William L. Sparks & Associates, LLC, is a professional services firm focused on helping clients improve corporate performance, employee engagement and overall effectiveness.

Each client partnership is unique and is based on understanding the underlying issues and challenges, and designing and implementing a targeted program, project or intervention aimed at achieving measurable results.

Although the types of engagements vary, recent projects include change management, enhancing employee engagement and retention, facilitating corporate creativity and innovation, and leadership and team development.

Our Focus is Simple…

Improving organizational performance while enhancing the satisfaction and motivation of individuals. Dr. Sparks has developed two proprietary assessments for improving individual, team and organizational performance.

 

Actualized Leadership

A 77-item assessment that measures leadership style based on individual motivation.

Group Culture Profile

A 20-item group assessment that measures the emotional intelligence and resulting “culture” of teams and organizations.

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Latest Blog Post

Actualized Leadership: Forgiveness

“Forgiveness is the final form of love.”
Reinhold Niebuhr

“You better put it all behind you, because life goes on
If you keep carrying that anger, it’ll eat you up inside.”
Don Henley, “The Heart of the Matter”

Forgiveness is the third and final element in the Transformational Cycle, following vulnerability and responsibility.  The decision to forgive others, and yourself, is a critical choice you must make in order to reach your ultimate potential.  In this entry we will explore what forgiveness is, what it is not, why it is important, and how to begin the process forgiving others.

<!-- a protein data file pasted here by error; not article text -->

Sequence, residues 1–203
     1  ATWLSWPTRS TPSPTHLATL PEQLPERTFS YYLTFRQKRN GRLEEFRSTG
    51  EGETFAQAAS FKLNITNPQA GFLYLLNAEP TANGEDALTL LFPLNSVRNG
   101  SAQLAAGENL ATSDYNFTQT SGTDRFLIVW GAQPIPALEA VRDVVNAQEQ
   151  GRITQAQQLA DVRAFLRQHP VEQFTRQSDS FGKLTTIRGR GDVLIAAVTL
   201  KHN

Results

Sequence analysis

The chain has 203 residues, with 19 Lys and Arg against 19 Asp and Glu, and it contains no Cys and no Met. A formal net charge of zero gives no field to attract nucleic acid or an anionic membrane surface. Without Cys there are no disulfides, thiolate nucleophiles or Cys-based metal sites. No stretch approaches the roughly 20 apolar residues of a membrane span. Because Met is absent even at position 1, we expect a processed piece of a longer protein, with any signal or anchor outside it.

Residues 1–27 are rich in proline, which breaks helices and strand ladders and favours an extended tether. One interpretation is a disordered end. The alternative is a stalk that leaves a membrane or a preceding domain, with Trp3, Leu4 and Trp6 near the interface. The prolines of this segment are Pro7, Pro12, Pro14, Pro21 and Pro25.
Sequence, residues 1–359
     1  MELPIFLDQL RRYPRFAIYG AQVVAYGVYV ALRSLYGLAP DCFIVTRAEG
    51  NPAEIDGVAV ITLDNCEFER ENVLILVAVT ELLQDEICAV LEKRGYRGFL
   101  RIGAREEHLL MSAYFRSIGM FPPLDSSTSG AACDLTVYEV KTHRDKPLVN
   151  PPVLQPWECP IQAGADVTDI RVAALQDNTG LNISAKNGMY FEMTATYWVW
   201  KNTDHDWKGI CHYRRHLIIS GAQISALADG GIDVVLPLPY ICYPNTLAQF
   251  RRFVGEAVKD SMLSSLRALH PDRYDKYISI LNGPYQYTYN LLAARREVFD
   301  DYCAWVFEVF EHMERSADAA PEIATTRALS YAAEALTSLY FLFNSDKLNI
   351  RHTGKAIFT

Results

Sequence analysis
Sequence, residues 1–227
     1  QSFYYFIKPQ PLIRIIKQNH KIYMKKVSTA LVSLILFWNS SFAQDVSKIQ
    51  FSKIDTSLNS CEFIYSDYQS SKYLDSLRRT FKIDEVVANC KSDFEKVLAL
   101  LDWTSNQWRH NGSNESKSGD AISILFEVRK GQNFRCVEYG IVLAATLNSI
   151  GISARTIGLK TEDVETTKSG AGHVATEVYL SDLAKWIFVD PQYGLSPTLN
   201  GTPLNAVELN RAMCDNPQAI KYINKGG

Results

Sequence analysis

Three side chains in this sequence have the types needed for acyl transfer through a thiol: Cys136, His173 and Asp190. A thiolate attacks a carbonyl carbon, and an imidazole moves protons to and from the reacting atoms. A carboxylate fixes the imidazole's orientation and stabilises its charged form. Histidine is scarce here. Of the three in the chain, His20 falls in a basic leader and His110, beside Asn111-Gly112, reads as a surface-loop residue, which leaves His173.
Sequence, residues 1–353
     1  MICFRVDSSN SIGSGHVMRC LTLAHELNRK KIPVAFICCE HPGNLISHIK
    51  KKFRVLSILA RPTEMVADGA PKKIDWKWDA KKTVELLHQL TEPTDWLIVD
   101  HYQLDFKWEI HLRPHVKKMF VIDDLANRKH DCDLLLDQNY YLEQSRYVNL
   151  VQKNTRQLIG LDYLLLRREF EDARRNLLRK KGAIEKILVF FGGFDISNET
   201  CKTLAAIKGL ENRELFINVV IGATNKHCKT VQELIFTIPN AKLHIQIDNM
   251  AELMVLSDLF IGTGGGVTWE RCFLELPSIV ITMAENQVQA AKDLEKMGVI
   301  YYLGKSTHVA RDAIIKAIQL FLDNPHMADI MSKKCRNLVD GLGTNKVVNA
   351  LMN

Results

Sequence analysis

Forgiveness is the internal process of letting go of a real or perceived injustice toward you.  In her book “The How of Happiness,” Sonja Lyubomirsky refers to forgiveness as a “shift in thinking” that occurs when you let go of a desire for revenge, retribution or harm to another party.  Oftentimes this shift will result in replacing negative feelings with some sense of empathy, understanding or even goodwill toward the other party.

In order to appropriately define forgiveness, it is important to discuss what it is not.  Forgiveness is not reconciliation; that requires both parties to agree on a future next step and some degree of an ongoing connection.  Forgiveness is not condoning or excusing; you do not justify or accept the negative behavior toward you when you forgive it.  And forgiveness is not forgetting; you do not deny or repress what happened.  In fact, one could argue that forgiveness occurs when you can recall what happened without feeling resentment, anger or a desire for revenge.

Okay, so we’ve defined forgiveness, but why is it so important for our growth and development?  First there are a number of health benefits clinically proven to be associated with forgiveness.  These benefits include strengthened immunity systems, lower blood pressure and heart rate, and improved quality of sleep.  In addition to these benefits, psychological benefits such as reduced depression and anger, as well as increased optimism and empathy, are by-products of forgiveness that lead to greater joy and happiness.